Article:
Of course you’ve seen photos of the Golden Gate Bridge; walk across it any day of the week, in any month in the year, and you’ll see photographers clicking digital cameras or trying to steady themselves for YouTube-worthy video footage. Add those images to magazine, newspaper, movie and television coverage of the bridge’s orange towers, sweep of cables and suspender ropes, and just try not to hum “I left my heart in San Francisco”. Surely, you are acquainted with the great bridge.
Yes, you can close your eyes and still see the Golden Gate Bridge from on-high, but have you ever been under the bridge? I think the underside of the bridge is beautiful and every bit as photogenic as topside.
Moreover, the underside (call it the ‘working-side’) of the bridge seems to more readily conjure up the brave men who built the bridge between 1933 and 1937.
Come aboard an SF Bay Whale Watching trip and bring your camera because there is much to marvel at and record as you travel under the bridge on your way to the whales.
If you like rivets the size of walnuts (each riveter “endured noise, discomfort and a pitiless production quota. We riveted 8 hours a day, 350 rivets a shift.”), you’ll love all that riveted geometrically-patterned steel holding up the roadbed.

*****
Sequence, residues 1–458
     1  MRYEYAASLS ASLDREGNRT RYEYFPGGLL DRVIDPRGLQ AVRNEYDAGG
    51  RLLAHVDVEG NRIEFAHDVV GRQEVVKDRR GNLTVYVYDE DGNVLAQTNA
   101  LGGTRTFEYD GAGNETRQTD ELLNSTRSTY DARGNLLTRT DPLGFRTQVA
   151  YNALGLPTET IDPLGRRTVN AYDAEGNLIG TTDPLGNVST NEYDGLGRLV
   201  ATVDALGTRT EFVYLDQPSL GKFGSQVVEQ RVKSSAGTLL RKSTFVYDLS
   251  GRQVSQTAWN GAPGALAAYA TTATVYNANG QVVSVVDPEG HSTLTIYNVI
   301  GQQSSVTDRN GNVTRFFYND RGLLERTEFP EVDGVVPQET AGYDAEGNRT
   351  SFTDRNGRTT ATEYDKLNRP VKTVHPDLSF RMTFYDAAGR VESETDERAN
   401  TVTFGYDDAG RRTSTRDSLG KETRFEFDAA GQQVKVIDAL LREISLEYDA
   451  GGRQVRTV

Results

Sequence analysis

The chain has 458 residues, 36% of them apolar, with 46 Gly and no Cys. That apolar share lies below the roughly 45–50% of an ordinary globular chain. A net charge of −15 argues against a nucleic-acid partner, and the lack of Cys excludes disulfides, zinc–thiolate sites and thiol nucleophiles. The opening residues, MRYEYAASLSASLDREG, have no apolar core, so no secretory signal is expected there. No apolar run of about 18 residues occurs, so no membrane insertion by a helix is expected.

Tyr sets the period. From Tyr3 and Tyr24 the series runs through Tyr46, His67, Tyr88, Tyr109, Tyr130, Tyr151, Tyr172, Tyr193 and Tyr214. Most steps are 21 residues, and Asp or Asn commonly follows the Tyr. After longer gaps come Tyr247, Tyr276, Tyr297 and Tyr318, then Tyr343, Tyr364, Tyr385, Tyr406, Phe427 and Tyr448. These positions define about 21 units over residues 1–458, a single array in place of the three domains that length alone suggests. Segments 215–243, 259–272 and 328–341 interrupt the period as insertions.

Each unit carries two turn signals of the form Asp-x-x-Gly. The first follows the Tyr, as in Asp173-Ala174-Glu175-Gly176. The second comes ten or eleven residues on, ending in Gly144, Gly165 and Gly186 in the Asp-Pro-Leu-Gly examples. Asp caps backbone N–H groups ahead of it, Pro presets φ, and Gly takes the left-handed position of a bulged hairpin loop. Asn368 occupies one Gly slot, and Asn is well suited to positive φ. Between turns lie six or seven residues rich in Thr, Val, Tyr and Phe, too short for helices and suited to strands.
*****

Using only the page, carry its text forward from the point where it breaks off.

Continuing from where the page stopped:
There’s never a time when I pass underneath the Golden Gate Bridge on an SF Bay Whale Watching excursion that I don’t think about what it must have been like to be up there actually building the bridge. Maybe that’s why each and every hand-set rivet seems like an introduction to the man behind the rivet gun.
Any glimpse of a whale is fantastic, but an opportunity to see whales is the icing on the SF Bay Whale Watching cake - we give you the Golden Gate Bridge too! Up close, from underneath, as you’ve never seen it before.
For photos and stories of the bridge under construction I urge you to see Spanning the Gate/The Golden Gate Bridge by Stephen Cassady. Meanwhile, I’ll let riveter George W. Albin have the last words (as reported in Mr. Cassady’s book): “You had to make sure the rivets were the right size- they changed with the plate thicknesses of the metal you were working on - and you had to make sure you were sticking it in the right hole."
"If you screwed up, it would only screw everybody up - the heater, because once you fire up a rivet you can use it only once, and the rest of us, because you would lose time and get behind. It was pitch black inside those cells (in the towers), and the ventilation was poor. You couldn’t hear a thing except the noise of the riveting guns and the echoes. And there was many a time the light in your hard hat would go out.”
I’ll thank George the next time I pass underneath his bridge...
Photos and text by Kathleen Jacques.
Saturday, January 03, 2009
Labels: Golden Gate Bridge